Sue: No, I mean, if you had vegetables on the ground in a garden what kinds of experiments have you run to keep the deer away?

Deborah: Well the deer- we've had six, seven, let's see; I think there were eight-foot fences and deer can just leap over. They just bound right over a fence and we were not willing to electrify the fence so we tried a couple of seasons and then just decided, right down the road there are beautiful CSAs so we let them do the work and we pick up once a week.

But the herbs are a really welcome addition and you can just use them liberally for, not half the year but maybe four or five months and-

Sue: So what kind of herbs?

Deborah: They're ordinary- it's basil, parsley; lemon thyme is something that was new to me maybe five years ago, and it's really nice and let's see; chives and cilantro and we do catnip for the kittens and whatever looks good that particular May when we go shopping.

Sue: Do you bring in any of your herbs and propagate and bring them back out in the spring?

Deborah: The chives volunteer and so does the lemon thyme and the catnip volunteers and we do not propagate the others, the basil and the parsley, because we have some really nice growers that just give the plant starts away, so we don't propagate during the winter.

Ben S: Does anybody have anything they grow for any scent or anything besides flavor?

Alice: This is Alice, and for the first time this year, I would like to add one or two new items to my container garden each year, and this year I acquired a citronella, which I'm sure most of you, if not all of you are familiar with that citrusy scent of the citronella and that it's supposed to keep away mosquitoes. Well I live right downtown in an area, so I don't really have a problem with mosquitoes, but each summer, I've had an issue with wasps and since I acquired the citronella plant, no wasps at all.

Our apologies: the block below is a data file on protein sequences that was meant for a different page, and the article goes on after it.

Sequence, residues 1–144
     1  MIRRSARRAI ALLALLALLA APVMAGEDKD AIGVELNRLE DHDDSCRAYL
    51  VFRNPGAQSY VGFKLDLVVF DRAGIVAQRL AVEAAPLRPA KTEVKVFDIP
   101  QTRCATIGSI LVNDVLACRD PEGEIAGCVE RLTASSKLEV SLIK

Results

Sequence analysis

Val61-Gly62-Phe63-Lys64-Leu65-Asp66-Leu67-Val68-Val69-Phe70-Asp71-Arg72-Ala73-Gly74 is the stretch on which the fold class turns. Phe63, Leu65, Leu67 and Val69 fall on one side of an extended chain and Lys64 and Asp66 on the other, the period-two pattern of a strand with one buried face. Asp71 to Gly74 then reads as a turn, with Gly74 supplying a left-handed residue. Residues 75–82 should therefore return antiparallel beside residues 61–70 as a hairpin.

The only trouble is, I don't like the touch of it. Even though it's good for the olfactory senses, it is not good for the tactile senses, so I welcome it to my sensory garden, container garden, but I really do not like getting near it to water or anything because it's very, very prickly and I haven't gone to wearing garden gloves or surgical gloves, which I use for other things.

Even though it's a nice plant inside and people tell me how beautiful it looks, the touch of it is really not pleasant for me. Now it's gotten so large that- it's very windy here where I live in Milwaukee, and it's blown over a couple of times and I'll pick it up and right it and give it some water and it's not been bothered at all by falling. But I wonder what other people's experience has been with citronella plants.

Sue: Really? Oh that's... ‘cause we've got hornets; maybe that would help.

Speaker 4: That might work. That'd be cool.

Alice: No one told me that would help, but it indeed has. Now whether it's just a coincidence, I do not know but I had them up until the month that I got the plant and no more.

Irene: That's- it's Irene, comment. That's very good. I like the idea- so you don't like when you bring home peaches and you have to peel the peaches; are you one of those people as well? The hand thing; that kind of fuzz?

Alice: No- citronella is very prickly. It's very prickly, at least what I have is. I don't know, it's worse that feeling a cactus because it's all over the leaves.

Marsha: This is Marsha, and I'm calling for the first time. I'm listening to all of you; it's very interesting. I'm finding the touchy feeling of my cucumbers. Every time I go to pick my 12 to 14 inch long cucumbers, they have all these little pricklers all over them and you have to bring them in and wash them. That's something that is very tricky because I don't know what those little prickles are on the cucumbers.

Sue: It is part of the cucumber.

Marsha: I have a very, very huge garden and I start all of my- outside, and I start all of my plants from seed, and I'll begin as early as February, starting celery and then moving on through March with the tomatoes and peppers and then everything goes in the ground in June. I love the smell of basil, so I grow lots and lots of basil.

Sue: Different kinds of basil?

Marsha: Uh, no, just the large leaf. I know there are different fragrances, but I just love the smell of basil. I'll go out there and just pick a piece and smell it. All day long I'll carry it around. Plus I use it for flavoring and soups but I guess talking about prickly, it made me think of my cucumbers because they're very long, they hang on a trellis and when you got to pick them, they just have those little prickles on them that you have to come in and wash them off and that's not the way they come in the grocery store, but that's the way they seem to hang on the plant. I guess that's for their protection against any insects that may come along.